MATERIALS AND METHODS

Study design

The study population comprised postpartum women who had received prenatal care at the University Maternity Hospital of the Federal University in Rio de Janeiro, Brazil. This healthcare facility provides free childbirth care to 1,400-1,500 patients per year from various areas in the city, with characteristics similar to those women treated at other public maternity hospitals in the city of Rio de Janeiro, Rio de Janeiro State, in the southeast region of Brazil.

During 1999-2001, 262 participants were selected for the study on alternative days in four weekly shifts. …

The rest of this article is only available to active members of Questia

Sign up now for a free, 1-day trial and receive full access to:

  • Questia's entire collection
  • Automatic bibliography creation
  • More helpful research tools like notes, citations, and highlights
  • Ad-free environment

Already a member? Log in now.

Notes for this article

Add a new note
If you are trying to select text to create highlights or citations, remember that you must now click or tap on the first word, and then click or tap on the last word.
One moment ...
Default project is now your active project.
Project items

Items saved from this article

This article has been saved
Highlights (0)
Some of your highlights are legacy items.

Highlights saved before July 30, 2012 will not be displayed on their respective source pages.

You can easily re-create the highlights by opening the book page or article, selecting the text, and clicking “Highlight.”

Citations (0)
Some of your citations are legacy items.

Any citation created before July 30, 2012 will labeled as a “Cited page.” New citations will be saved as cited passages, pages or articles.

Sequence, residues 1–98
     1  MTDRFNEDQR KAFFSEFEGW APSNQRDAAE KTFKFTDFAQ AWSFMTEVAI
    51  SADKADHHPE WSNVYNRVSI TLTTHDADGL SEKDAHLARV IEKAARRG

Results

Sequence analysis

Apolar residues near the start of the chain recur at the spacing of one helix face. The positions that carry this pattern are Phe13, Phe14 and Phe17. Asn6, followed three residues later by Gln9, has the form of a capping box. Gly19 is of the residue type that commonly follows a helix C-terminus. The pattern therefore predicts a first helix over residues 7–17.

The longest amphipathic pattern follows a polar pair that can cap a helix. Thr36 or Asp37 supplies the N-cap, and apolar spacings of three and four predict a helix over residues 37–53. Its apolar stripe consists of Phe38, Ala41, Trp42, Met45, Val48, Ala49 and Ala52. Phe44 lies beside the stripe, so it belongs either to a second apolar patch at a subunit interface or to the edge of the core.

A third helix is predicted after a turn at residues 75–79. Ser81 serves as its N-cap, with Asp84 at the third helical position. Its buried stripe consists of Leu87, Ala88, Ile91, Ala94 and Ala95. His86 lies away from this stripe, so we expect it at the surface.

We also added the ability to view new citations from your projects or the book or article where you created them.

Notes (0)
Bookmarks (0)

You have no saved items from this article

Project items include:
  • Saved book/article
  • Highlights
  • Quotes/citations
  • Notes
  • Bookmarks
Notes
Cite this article

Cited article

Style
Citations are available only to our active members.
Sign up now to cite pages or passages in MLA, APA and Chicago citation styles.

(Einhorn, 1992, p. 25)

(Einhorn 25)

1

1. Lois J. Einhorn, Abraham Lincoln, the Orator: Penetrating the Lincoln Legend (Westport, CT: Greenwood Press, 1992), 25, http://www.questia.com/read/27419298.

Cited article

Gestational Nightblindness among Women Attending a Public Maternity Hospital in Rio De Janeiro, Brazil
Settings

Settings

Typeface
Text size Smaller Larger Reset View mode
Search within

Search within this article

Look up

Look up a word

  • Dictionary
  • Thesaurus
Please submit a word or phrase above.
Print this page

Print this page

Why can't I print more than one page at a time?

Full screen

matching results for page

Cited passage

Style
Citations are available only to our active members.
Sign up now to cite pages or passages in MLA, APA and Chicago citation styles.

"Portraying himself as an honest, ordinary person helped Lincoln identify with his audiences." (Einhorn, 1992, p. 25).

"Portraying himself as an honest, ordinary person helped Lincoln identify with his audiences." (Einhorn 25)

"Portraying himself as an honest, ordinary person helped Lincoln identify with his audiences."1

1. Lois J. Einhorn, Abraham Lincoln, the Orator: Penetrating the Lincoln Legend (Westport, CT: Greenwood Press, 1992), 25, http://www.questia.com/read/27419298.

Cited passage

Thanks for trying Questia!

Please continue trying out our research tools, but please note, full functionality is available only to our active members.

Your work will be lost once you leave this Web page.

For full access in an ad-free environment, sign up now for a FREE, 1-day trial.

Already a member? Log in now.